Updated 03 November 2016

Future knee implants will be made by silkworms

It may sound like science fiction but researchers are currently developing knee implants to improve osteoarthritis pain and inflammation using the silk produced by silkworms!

If you think silk is soft and delicate, think again. Researchers have now created specialised knee implants made from silk worm fibres to help with joint damage and osteoarthritis

Around the world knee replacement surgeries are on the rise. In the U.S alone, total knee replacement surgeries tripled from 2003 and 2009, a press release by the American Academy of Orthopaedic Surgeons explains. What used to be a surgery performed in people over the age of 65 is now more commonly performed in younger patients. Obesity and inactivity are major culprits when it comes to knee injuries. The Journal of Bone and Joint Surgery has found that 95% of knee surgeries were performed on people who were either overweight or obese.

Read: Obesity results in a rise in knee replacements

Silk for strength

For many years, scientists around the world have been investigating how spider and silkworm silk, both known for their strength, can be used to create biomedical implants and to assist the regeneration of certain tissues. Science Direct explains that silk is a good material to use in implants as it does not trigger an immune reaction in the body and it degrades slowly and in a way that can be controlled.

Spider silk is typically stronger than that produced by silkworms however the quantities produced are much smaller. Spiders also tend to be carnivorous which can make large-scale production difficult.

The implants, FibroFix™ Meniscus and  FibroFix™ Cartilage are currently being developed by Orthox, a company formed by knee surgeon Professor Oliver Kessler and scientist Dr. Nick Skaer. The company describes the technology behind the products as, "a remarkable silk-based biomaterial which combines the smooth, resilient, high strength found in cartilage with the capacity to support regeneration of new tissue when implanted."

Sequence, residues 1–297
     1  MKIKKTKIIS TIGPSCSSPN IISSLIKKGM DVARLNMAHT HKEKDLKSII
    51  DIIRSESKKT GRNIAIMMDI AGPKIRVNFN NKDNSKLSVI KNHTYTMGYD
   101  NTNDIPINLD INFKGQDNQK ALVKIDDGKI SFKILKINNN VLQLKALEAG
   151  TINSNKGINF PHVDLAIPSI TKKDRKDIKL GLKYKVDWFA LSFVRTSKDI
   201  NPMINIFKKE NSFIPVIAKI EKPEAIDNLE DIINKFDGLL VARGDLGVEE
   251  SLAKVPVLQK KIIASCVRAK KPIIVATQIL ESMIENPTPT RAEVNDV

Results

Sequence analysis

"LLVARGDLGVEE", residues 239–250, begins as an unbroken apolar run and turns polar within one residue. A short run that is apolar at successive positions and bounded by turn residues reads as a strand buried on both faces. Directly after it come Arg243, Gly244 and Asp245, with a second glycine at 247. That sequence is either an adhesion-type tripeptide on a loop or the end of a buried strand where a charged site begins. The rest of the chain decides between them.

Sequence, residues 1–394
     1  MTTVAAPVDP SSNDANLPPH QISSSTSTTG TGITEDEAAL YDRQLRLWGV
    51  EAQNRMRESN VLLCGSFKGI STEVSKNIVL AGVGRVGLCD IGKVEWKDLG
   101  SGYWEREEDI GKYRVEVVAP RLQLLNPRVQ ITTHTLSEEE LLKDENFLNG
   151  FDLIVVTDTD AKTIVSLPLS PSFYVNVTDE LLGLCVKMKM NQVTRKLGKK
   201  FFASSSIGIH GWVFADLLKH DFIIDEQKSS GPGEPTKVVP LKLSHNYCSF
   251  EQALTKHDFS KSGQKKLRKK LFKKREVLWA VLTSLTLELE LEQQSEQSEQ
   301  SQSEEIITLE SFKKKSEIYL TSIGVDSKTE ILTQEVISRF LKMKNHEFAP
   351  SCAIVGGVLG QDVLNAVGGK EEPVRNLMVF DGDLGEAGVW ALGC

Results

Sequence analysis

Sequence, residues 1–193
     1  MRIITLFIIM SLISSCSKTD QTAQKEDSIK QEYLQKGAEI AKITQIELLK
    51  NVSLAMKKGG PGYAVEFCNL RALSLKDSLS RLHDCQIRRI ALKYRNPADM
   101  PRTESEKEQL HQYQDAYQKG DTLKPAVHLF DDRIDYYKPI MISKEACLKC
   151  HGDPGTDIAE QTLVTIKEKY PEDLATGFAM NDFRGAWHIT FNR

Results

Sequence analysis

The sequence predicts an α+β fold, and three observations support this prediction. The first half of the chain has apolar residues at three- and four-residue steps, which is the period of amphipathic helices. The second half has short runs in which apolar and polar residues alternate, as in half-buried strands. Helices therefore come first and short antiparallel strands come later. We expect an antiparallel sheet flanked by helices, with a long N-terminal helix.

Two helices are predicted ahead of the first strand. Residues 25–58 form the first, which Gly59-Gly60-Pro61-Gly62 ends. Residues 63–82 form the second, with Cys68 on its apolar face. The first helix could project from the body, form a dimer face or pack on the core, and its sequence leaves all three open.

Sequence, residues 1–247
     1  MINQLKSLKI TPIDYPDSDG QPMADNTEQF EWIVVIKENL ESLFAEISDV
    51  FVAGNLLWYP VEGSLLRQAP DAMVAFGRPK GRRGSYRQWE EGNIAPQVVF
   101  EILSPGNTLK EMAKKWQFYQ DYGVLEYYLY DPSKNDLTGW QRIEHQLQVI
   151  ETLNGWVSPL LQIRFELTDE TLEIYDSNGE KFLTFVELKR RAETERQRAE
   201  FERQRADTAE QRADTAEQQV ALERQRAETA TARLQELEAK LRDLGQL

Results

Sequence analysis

FibroFix™ Meniscus assists in repairing the meniscus, which acts as both a shock absorber and stabiliser in the knee, minimising stress to the joint. The meniscus can easily be damaged during sports such as rugby, soccer and running when the knee is overextended or twisted. Minimally invasive keyhole surgery is often used to remove the damaged segment of meniscus however this can contribute to cartilage degeneration and osteoarthritis.  


FibroFix™ Meniscus courtesy of Orthox Ltd

FibroFix™ Cartilage helps to "resurface"the articular cartilage, the cartilage covering the ends of the tibia and femur, reducing inflammation and joint pain caused by osteoarthritis.

knee cartilage

FibroFix™ Cartilage courtesy of Orthox Ltd

Read: Spider venom may be the key to new painkillers

Orthox has been developing the product for a number of years but earlier this month the company received a massive funding boost of £1.5 million from Innovate U.K. In April this year, the company began recruiting participants for its first human trial.

Watch this clip for more on FibroFix™:

Read more:

Silk implant records brainwaves

Australian returns home with spider under his skin


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Professor Asgar Ali Kalla completed his MBChB (Bachelor of Medicine and Bachelor of Surgery) degree in 1975 at the University of Cape Town and his FRCP in 2003 in London. Professor Ali Kalla is the Isaac Albow Chair of Rheumatology at the University of Cape Town and also the Head of Division of Rheumatology at Groote Schuur Hospital. He has participated in a number of clinical trials for rheumatology and is active in community outreach. Prof Ali Kalla is an expert in Arthritis for Health24.

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